Louise “Miss Lou” Bennett-Coverley is being honored today in selected regions with a dedicated Google Doodle on what would have been her 103rd birthday.
Born in Jamaica on September 7, 1919, Bennett-Coverley grew up in Spanish Town before eventually studying in Kingston. A keen poet, her published works in the Sunday Gleaner brought her to prominence courtesy of her use of patois within her poetry.
Louise ‘Miss Lou’ Bennett-Coverley celebrated with limited Google Doodle
In 1942, Bennett published her first book of poetry, Dialect Verses. This helped her to earn a British Council scholarship to attend the prestigious Royal Academy of Dramatic Art (RADA) in London. The first Black student at the education institution, Bennett was a trailblazer in every sense of the word. She went on to work at the BBC, hosting the Caribbean Carnival radio program all while continuing to study.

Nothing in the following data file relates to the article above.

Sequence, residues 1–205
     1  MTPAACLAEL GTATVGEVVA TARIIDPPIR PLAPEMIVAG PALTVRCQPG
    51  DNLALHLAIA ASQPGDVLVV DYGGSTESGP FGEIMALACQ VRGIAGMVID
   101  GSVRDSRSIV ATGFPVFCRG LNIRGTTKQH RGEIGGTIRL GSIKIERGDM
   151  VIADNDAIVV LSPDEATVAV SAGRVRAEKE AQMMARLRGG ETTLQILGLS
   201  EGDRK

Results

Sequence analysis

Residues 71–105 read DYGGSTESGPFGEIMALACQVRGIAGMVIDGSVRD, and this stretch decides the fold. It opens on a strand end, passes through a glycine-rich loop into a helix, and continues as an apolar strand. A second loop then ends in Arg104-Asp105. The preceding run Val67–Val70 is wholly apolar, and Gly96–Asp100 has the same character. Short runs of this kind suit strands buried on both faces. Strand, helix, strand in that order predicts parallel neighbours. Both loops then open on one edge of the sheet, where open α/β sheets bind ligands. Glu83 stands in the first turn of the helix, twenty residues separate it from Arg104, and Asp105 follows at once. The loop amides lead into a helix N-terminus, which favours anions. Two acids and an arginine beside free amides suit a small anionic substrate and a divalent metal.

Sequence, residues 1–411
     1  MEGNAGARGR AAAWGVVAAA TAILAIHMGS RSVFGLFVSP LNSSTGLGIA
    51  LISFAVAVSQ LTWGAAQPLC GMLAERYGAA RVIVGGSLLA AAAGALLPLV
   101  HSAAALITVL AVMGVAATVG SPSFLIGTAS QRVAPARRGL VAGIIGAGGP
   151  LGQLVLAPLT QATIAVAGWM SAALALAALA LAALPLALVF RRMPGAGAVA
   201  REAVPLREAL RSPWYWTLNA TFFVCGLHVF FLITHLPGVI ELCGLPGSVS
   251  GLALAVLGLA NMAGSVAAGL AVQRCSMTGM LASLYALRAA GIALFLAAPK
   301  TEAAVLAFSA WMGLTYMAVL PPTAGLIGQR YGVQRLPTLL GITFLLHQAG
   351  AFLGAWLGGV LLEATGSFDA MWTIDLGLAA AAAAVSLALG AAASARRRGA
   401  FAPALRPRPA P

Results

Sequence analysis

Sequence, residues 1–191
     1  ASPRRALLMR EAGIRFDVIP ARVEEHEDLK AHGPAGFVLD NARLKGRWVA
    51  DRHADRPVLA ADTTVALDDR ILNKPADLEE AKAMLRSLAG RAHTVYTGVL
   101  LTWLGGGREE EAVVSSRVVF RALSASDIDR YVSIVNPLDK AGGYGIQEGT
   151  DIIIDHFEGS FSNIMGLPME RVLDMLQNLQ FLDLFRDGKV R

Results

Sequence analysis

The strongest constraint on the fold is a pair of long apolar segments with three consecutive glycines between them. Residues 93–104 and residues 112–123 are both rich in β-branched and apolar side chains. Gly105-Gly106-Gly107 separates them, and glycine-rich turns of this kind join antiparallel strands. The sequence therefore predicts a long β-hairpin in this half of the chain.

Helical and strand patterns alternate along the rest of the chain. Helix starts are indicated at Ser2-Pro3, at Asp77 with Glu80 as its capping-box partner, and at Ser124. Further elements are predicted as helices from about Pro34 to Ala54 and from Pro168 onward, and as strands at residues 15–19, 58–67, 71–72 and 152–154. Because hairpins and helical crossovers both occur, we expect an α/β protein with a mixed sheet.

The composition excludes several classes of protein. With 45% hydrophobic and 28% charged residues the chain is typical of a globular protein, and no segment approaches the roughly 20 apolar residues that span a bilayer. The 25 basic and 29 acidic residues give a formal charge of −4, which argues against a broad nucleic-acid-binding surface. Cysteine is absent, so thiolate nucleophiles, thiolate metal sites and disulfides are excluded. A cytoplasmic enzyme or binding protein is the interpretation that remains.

Upon completing her degree, she hosted other programs like West Indian Guest Night and acted in numerous theater companies in the United Kingdom before returning to Jamaica in 1956. Bennett then worked as a drama officer and later director of the Jamaica Social Welfare Commission.
In this role, Louise “Miss Lou” Bennett Coverley moved around the country to train village instructors and regional officers with workshops like playmaking, improvisation, and more. She also continued to give lectures on Jamaican folklore in the United States, Canada, and England.
Bennett went on to become the face and host of radio programs like Laugh with Louise and Miss Lou’s Views, and Ring Ding, one of the longest-running Saturday morning children’s TV shows to air on Jamaica Broadcasting Commission (JBC) national shows.
In 1998, the Jamaican government appointed Bennett as the country’s cultural ambassador at large. She was also inducted into the Order of Merit by Queen Elizabeth II. Bennett was a champion of her country’s language and culture, inspiring Jamaicans to take pride in both.